Precisely these limitations of the technical capacity for dismantling procedures by the courts emerged from a study carried out by the T.S.E.I Association (Tavolo di Studio sulle Esecuzioni Italiane), of which YARD Credit & Asset Management is one of the co-founding partners. It highlights new important data about the average duration of procedures closed with adjudication from 2010 to date, showing a significant increase from 3,2 years in 2010 to 4,9 years in 2016. The consequence of these delays shows in the strong increase of non-performing loans in the last years, which strongly affects the increase of arrears. Despite the legislative changes approved in the last two years to speed up the time of credit recovery, such as the establishment of the public auctions portal as well as the reform of the Patto Marciano, problems frequently encountered are clearly linked to the single courts, where times between the more and less efficient ones often differ significantly. Numerous measures would be necessary to homogenize and reduce the management of the procedures, streamlining the complexities currently present at varying stages of the iter. But these measures would not be sufficient by themselves.
When we have such high volumes as at the current stage, one of the most effective de-risking strategies is that of the en block disposal portfolio sales. Many of them are planned during this year given that the banking system seeks to achieve a one-third reduction of losses by the end of 2017. Also, in this case the presence of an expert servicer together with transparent data allow to guarantee a higher pricing compared to the quality of the assets, having all the information necessary to properly assess the credit value.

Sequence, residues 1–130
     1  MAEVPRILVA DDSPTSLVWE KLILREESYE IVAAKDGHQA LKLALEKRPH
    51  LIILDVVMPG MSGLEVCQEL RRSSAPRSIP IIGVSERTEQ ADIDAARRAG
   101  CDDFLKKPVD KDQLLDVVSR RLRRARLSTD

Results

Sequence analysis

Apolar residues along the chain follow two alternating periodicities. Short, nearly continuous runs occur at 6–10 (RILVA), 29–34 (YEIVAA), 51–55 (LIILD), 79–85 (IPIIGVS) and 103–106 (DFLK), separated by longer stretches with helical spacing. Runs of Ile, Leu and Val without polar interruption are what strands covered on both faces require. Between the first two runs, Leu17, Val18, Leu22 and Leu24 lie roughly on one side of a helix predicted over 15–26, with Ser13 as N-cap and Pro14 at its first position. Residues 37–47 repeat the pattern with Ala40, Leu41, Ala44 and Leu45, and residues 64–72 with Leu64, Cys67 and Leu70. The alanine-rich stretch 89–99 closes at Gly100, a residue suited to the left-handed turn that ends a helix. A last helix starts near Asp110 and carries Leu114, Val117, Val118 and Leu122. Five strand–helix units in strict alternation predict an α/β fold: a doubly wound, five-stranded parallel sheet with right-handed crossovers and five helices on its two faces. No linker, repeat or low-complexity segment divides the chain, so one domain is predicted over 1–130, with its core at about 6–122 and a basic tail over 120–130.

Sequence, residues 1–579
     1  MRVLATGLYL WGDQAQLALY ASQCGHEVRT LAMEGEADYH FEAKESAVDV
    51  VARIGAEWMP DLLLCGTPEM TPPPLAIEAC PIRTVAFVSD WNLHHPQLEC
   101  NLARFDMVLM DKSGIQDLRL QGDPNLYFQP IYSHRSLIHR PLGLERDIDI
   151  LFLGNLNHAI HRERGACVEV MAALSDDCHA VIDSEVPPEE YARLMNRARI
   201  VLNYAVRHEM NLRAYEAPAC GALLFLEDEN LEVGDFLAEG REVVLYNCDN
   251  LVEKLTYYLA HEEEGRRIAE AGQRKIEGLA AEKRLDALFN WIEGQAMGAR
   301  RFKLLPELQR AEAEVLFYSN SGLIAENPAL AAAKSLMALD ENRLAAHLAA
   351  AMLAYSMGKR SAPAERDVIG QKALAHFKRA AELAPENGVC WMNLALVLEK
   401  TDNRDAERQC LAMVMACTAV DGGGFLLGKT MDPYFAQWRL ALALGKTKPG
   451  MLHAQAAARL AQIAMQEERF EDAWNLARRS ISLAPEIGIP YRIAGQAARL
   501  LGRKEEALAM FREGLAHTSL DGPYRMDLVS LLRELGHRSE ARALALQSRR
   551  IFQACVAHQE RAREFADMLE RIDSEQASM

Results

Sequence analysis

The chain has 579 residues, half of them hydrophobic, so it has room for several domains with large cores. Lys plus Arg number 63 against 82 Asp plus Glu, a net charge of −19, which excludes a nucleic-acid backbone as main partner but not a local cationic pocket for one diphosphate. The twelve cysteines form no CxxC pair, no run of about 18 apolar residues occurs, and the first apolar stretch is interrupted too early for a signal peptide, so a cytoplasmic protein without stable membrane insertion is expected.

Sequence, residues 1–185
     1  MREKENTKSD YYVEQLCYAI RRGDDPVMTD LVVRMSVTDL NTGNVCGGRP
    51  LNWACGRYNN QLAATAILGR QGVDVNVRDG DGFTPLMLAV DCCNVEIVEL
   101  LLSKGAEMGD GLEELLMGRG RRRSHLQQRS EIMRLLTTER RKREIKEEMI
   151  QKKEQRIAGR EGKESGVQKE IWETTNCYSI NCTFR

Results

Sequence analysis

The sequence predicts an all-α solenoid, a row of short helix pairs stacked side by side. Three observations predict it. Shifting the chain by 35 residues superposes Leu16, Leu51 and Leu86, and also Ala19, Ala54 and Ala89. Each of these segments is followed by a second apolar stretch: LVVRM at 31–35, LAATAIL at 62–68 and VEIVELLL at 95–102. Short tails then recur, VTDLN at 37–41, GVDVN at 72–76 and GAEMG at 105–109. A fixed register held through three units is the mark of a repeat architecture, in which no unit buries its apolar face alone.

The recent introduction of harmonized guidelines by the European Central Bank will most likely bring about a revolution in terms of attention given by the banks to non-performing loans, with a complete modification of what was until now seen as a subsidiary market: thanks to the introduction of new supervisory measures that improve the processes of the management of non-performing loans (from governance to the adoption of actions addressed to data systematization and computerization to the creation of internal resources, charged with the monitoring of positions), the foundations for building a constant control on the levels of non-performing loans held by every single bank will be laid.
The efficiency of the measures already introduced together with other potentially useful ones, however, requires a pro-active role of all the relevant NPL market players: it is important to apply unified and systematic methods and to continue on the path of reforms. All of this needs to happen with the awareness that the knot of the non-performing loans does not just entail rethinking the business model traditionally used by the banks. It requires not only collective interventions, but also the support of targeted actions, and of competent service enterprises, which, depending on the nature of the problem, put into play their capacities of planning the most appropriate and useful strategies for recovery.